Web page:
I consider myself a colorist. That is, I find that color palette inspires the visual message I wish to convey in my painting. Interestingly though, color is subordinate in what I do. As a more-or-less representational painter, color always submits to value. My goal is to make a thing look like a thing. And the way to achieve this is through getting my values on point, and by accurately drawing patterns of shapes in order that the abstract pattern ultimately mimics the likeness of a thing. Color is inconsequential at this stage. It is through attaining an accurate pattern of shapes varying in tone that I create my visual interpretation and representation of what is natural.
Now these values, or patterns of light and dark shapes, take their form in particular mixtures of colors. And it is through achieving an accuracy in these patterns that we can then create the illusion of three-dimensional form on a two-dimensional surface. And as we create this illusion, and make our marks with intention, we eagerly guide our viewers through our painting compositions. Through the particular choices of colors used in the manners that follow, I use color to make my visual statement.
Color is only one of the common elements in a work of art. Elements are stylistic features through which an artist conveys her visual expression. (Other elements are line, shape, form, space, texture and value.) An artist might adhere to several of these elements in a work, but choose to emphasize one in particular and use it to make the visual statement.
There are various approaches to using color in painting. It can be used as light; as tone; as pattern; as form; as symbol; as movement; as harmony; as contrast and as mood.
As artists, we choose color that evokes a particular mood; sometimes the degree of chromatic intensity determines a state of emotion. Relationships among the intense and the diluted can determine harmony. Color harmony refers to “the property that certain aesthetically pleasing color combinations have.” These combinations include both the opposing and the compatible on the color wheel, the sum of which creates an agreeable accordance, like a set of satisfying musical chords in harmony. But the way humans respond both emotionally and perceptively to color and mood is not objective; it may be subject to age, gender, and personal preference for example. Additionally, cultural and social-based differences affect how we learn about color.
Describing form by varying color and value is one way to create the illusion of three-dimensionality on a flat surface. Those of us with full color vision get to discern the subtleties in color variation. Artists can shift hue or family of color according to temperature as well. In the art world, painters have historically marveled at the optical illusions that artists have learned to impress upon their viewers. One such illusion, employed by the Impressionists, involves adjusting color in alternating color temperatures while increasing or decreasing value. This method makes use of applying color as contrast. This trick helps to create the illusion of three-dimensionality or three-dimensional form. Furthermore, one might choose to increase or decrease saturation in these alternating swaths of color and value mixture. Another significant aspect of this technique is that it implies broken color or optical mixing: instead of blending values and paint mixes together, the artist lays down discrete strokes side by side and the optic nerve in the brain perceptually mixes the color.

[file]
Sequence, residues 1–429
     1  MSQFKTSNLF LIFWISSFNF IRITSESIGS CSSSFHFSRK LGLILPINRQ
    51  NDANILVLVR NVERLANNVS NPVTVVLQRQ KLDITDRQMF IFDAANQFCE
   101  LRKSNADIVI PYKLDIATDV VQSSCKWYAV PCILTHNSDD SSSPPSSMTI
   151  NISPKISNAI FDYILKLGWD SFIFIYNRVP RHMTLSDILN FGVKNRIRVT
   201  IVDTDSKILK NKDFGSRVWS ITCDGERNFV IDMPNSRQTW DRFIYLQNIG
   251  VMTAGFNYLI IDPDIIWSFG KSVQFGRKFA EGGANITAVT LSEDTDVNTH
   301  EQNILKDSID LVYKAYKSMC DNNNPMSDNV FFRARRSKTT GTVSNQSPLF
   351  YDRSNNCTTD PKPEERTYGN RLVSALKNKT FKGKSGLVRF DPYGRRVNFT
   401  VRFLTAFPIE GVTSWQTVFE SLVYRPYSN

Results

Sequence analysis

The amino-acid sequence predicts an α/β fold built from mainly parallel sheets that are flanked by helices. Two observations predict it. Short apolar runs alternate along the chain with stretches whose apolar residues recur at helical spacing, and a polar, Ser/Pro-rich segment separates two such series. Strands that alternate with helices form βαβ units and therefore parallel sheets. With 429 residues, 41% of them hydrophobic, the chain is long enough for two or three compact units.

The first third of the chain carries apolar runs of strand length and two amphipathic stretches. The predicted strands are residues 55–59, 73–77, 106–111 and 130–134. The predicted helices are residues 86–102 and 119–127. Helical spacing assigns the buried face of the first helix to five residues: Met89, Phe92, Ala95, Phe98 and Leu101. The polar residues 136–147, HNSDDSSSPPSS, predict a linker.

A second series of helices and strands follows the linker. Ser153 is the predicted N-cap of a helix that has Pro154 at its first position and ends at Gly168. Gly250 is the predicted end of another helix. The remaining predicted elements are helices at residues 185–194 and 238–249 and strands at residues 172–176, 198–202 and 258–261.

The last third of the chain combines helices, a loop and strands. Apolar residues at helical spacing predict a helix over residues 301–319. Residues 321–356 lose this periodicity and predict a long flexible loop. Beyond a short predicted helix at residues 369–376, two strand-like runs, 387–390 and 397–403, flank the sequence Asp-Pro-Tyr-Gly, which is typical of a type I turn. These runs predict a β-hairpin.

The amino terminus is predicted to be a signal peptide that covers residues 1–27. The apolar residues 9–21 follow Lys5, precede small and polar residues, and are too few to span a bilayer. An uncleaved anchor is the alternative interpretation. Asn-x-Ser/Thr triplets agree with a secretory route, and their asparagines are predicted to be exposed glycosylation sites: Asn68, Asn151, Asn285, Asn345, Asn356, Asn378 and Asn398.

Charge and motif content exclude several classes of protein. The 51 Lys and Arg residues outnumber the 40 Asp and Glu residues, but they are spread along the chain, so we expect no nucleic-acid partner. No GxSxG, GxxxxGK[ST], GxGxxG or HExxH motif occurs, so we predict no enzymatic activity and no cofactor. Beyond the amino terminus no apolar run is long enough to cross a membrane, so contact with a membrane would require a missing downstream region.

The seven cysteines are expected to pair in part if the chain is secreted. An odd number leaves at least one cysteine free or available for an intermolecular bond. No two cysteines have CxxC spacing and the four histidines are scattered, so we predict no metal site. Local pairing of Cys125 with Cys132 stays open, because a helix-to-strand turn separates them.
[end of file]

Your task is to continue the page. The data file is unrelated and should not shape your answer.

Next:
Contrasting color can be a way to draw the viewer into parts of the painting. Manipulating the saturation level of a color in relation to its surrounding colors helps draw the viewer to a focal point. For instance, raising saturation in one area, in relation to surrounding muted colors, will cause the saturated area to stand out or attract attention.
Though the science is questionable on color, my experience with museum work, art appreciation, and my perception of work being done by current artists, reveals certain patterns of color relationship that please. An artist invites a viewer into their work and navigates them through a painting by creating focal points that attract the eye, like key points within a map. These key points can be distinguished through sharp edge work, high contrast, and saturation of color. For me, it is through high contrast or the juxtaposition of disparate values coupled with elevated intensity of chroma where I find resonance in a painting. And here, color can be used as light.
Through navigating form through color, emphasizing and exaggerating light in color, contrasting temperature in color, using color as tone or value, and using color as form and creating color harmony, I make my visual statement through the element of color. I deliberately craft focal points demonstrating these different usages of color. There are often a few focal points or areas to rest on. And it is through the manipulation of color choices that I guide my viewer through a painting. I think of a painting as a geographic map: the eyes of the viewer are the explorer who bounces around from one significant point to the next, taking a road or river to the next stop. The individual points are compelling enough to spend a little time in, but the next one beckons and the traveler moves on to explore the land mass in its entirety.